Florence of Arabia recruits a buffed-for-Hollywood team: "A hit man from Dogpatch, a PR hack, and a queer Foreign Service Officer," as the latter person cracks. They set up their field headquarters in Matar to carry out the ludicrous op, which mustn't be spoiled here. As it unfolds, its success is serially threatened by tense relations between Matar and Wasabia and the rivalrous meddling of the United States and France. Beyond the kingdom and emirate, Buckley leaves the Arab world alone and keeps a 10-foot-pole's length away from Israel. Otherwise he spreads the satire around with a generous pitchfork -- State Department stuffpots, K Street sleazebuckets, Capitol Hill blowhards, CIA crazies and -- what would we do without them? -- the French.
"Did not France have her own proud history of screwing things up? Look at Algeria, Vietnam, Syria, Haiti -- Quebec -- all still reeling from their days of French rule. Clearly, France was ready and eager to show the world that she, too, could wreak disastrous, unforeseen consequences abroad, far more efficiently and almost certainly with more flair than America."
As we saw in his earlier novels (Thank You for Smoking and No Way to Treat a First Lady among them), Buckley savors Washington for its straight-faced ridiculousness:
"Senators pounded their podia, demanding answers. The president declared that he, too, wanted answers. The CIA said that although it had no official comment, it, too, perhaps even more than the president and the senators, wanted answers. The secretary of state said that there might in fact be no answers, but if there were, he certainly would be interested in hearing them. The secretary general of the United Nations said that he was reasonably certain answers existed, but first the right questions must be asked, and then they would have to be translated, and this would take time."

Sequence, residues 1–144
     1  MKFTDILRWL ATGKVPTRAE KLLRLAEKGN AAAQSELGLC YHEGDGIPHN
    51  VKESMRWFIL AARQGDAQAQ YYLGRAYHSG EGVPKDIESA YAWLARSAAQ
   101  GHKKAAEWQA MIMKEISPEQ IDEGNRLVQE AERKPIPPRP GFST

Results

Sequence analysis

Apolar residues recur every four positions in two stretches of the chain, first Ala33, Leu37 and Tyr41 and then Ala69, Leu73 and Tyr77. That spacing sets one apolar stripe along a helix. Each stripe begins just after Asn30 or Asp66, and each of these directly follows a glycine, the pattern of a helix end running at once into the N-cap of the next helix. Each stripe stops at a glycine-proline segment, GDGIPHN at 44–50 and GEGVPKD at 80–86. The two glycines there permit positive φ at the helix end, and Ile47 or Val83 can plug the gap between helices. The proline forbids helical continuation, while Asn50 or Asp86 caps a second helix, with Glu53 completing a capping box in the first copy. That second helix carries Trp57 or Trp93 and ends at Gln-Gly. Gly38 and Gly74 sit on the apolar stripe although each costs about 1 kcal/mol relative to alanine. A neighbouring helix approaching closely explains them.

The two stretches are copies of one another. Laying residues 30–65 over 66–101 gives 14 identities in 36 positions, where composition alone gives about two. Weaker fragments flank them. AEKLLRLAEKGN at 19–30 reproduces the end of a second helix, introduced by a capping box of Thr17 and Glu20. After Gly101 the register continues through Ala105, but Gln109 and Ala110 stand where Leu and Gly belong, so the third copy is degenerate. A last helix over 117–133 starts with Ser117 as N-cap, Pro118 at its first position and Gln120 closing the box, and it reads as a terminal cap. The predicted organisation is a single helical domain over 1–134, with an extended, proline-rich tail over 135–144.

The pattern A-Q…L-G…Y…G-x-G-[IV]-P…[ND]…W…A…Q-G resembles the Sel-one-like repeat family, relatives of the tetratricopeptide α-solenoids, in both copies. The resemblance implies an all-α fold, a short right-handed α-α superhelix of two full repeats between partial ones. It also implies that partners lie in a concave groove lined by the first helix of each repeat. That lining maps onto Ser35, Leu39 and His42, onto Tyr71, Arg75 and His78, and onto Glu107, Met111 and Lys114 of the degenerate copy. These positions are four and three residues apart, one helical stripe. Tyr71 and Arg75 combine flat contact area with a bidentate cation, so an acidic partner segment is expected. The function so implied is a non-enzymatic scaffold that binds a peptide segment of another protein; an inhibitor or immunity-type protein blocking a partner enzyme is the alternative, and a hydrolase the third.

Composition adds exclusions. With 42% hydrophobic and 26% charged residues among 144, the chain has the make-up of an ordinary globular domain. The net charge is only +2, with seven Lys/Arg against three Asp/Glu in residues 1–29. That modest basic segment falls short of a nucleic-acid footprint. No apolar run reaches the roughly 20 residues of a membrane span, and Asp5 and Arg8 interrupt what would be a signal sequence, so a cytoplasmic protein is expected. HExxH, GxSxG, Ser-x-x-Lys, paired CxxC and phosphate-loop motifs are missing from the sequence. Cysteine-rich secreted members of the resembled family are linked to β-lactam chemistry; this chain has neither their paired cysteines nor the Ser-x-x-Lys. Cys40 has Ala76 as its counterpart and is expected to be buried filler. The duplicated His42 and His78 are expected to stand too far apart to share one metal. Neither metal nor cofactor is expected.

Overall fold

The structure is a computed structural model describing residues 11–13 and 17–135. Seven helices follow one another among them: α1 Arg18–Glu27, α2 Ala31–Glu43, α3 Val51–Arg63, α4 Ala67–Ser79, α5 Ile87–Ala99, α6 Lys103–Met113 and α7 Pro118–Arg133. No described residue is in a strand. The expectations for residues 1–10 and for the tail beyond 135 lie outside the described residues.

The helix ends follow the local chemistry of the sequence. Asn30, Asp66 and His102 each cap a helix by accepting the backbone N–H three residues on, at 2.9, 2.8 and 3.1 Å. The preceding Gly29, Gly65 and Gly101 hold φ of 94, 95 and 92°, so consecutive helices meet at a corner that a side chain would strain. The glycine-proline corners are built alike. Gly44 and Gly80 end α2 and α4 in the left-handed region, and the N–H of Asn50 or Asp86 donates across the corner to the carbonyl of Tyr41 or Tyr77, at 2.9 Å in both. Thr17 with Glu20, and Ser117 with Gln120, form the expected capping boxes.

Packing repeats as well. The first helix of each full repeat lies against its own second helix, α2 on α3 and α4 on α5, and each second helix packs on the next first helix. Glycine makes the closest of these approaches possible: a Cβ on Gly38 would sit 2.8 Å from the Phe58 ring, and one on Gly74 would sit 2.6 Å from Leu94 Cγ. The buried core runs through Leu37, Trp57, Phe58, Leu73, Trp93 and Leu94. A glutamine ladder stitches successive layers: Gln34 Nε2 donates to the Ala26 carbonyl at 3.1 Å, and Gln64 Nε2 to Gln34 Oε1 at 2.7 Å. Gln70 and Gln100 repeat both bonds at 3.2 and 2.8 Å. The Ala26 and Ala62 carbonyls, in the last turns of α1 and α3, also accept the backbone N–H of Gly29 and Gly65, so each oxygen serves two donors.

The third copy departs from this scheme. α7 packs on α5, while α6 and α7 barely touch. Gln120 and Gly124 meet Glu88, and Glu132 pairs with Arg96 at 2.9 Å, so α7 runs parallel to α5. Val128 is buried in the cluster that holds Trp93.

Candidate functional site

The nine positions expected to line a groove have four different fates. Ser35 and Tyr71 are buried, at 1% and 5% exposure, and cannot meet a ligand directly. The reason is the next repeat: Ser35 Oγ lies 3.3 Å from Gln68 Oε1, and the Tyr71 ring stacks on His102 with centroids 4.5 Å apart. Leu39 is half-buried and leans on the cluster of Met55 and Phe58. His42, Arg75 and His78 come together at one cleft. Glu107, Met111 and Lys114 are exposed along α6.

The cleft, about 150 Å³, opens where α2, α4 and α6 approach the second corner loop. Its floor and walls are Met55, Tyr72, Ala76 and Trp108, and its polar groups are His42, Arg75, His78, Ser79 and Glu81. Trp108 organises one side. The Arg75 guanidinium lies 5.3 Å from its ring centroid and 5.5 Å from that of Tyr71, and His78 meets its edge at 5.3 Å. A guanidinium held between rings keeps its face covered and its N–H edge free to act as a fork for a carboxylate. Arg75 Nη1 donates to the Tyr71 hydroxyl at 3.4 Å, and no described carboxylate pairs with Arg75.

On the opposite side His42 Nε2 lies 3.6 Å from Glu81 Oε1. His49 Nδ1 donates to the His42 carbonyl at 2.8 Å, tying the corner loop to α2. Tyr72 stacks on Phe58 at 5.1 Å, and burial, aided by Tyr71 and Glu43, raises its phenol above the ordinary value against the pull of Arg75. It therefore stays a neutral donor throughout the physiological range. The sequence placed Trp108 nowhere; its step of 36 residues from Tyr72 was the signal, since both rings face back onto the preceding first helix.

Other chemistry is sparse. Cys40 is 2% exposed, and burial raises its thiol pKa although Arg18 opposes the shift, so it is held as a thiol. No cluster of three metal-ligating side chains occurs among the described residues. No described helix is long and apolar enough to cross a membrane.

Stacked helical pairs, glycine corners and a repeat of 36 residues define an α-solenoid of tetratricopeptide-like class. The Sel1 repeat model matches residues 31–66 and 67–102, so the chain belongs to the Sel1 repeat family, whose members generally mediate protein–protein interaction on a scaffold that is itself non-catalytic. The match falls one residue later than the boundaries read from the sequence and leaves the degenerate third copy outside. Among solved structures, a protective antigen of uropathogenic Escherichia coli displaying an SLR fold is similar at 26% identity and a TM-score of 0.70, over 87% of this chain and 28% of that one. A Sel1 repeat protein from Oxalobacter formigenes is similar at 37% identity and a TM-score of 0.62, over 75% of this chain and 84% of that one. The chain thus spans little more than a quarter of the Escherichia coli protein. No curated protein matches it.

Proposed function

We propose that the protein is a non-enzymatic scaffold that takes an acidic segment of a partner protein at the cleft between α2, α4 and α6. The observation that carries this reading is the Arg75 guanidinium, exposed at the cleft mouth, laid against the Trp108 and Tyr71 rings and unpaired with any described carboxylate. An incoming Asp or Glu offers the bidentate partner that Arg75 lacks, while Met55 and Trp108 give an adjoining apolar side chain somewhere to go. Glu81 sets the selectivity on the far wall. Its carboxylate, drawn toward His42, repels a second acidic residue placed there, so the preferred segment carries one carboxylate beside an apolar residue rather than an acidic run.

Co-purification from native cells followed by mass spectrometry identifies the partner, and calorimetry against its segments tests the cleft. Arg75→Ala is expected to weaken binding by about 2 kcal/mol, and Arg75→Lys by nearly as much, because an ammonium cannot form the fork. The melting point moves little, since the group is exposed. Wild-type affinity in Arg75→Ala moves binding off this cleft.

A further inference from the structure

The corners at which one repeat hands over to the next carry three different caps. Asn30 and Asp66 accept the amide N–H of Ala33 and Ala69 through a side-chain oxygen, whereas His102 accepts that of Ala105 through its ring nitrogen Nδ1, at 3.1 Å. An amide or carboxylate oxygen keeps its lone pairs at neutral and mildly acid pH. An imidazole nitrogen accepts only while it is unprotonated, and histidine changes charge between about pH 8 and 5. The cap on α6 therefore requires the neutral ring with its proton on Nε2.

Buckley keeps us entertained with clever japes and juicy bits, rashers of Thousand-and-One-Nights sexual innuendo, awe-inspiring passages of potted history. I like the titles of two imaginary books he mentions: volume XXI of Henry Kissinger's memoirs, "Years of Genius," and a philandering Arab prince's pensees, "The Seven Pillows of Wisdom." Such wit works well in Buckley's quick-off-the-mark short pieces in the New Yorker. Extending the riff makes other demands, as invention has to give way to sustaining narrative.
We can't help rooting for Florence and her Arab sisters as they take on the hapless sheiks and whoring princes and cold-blooded mukfellah enforcers, and it becomes clear that Buckley has fallen for Florence and her cause as well. The ridicule gives way to sweetness on the one hand and indignation on the other, sentiments you wouldn't expect from the seasoned cynic at the controls. Here's Buckley tut-tutting the harsh justice dealt to two women who walked uncovered and unchaperoned in the streets of Wasabia: "It was quite obvious, declared the mukfellah official who announced their sentences, that they had been on their way to fornicate with loathsome blackamoor cooks. There was no actual evidence of this, but the advantage of a religious judiciary is that you don't need evidence."
Christopher Buckley is likely to make some people very angry with this book, but there will be no denying the elegance and, by my lights, the essential gentleness of his wit. Buckley can be offensive -- sometimes uproariously so -- but I don't detect malice, or at least not much. Whether everyone else will read him this way is another question.
Charles Trueheart, a former Washington Post correspondent, is a writer in Paris.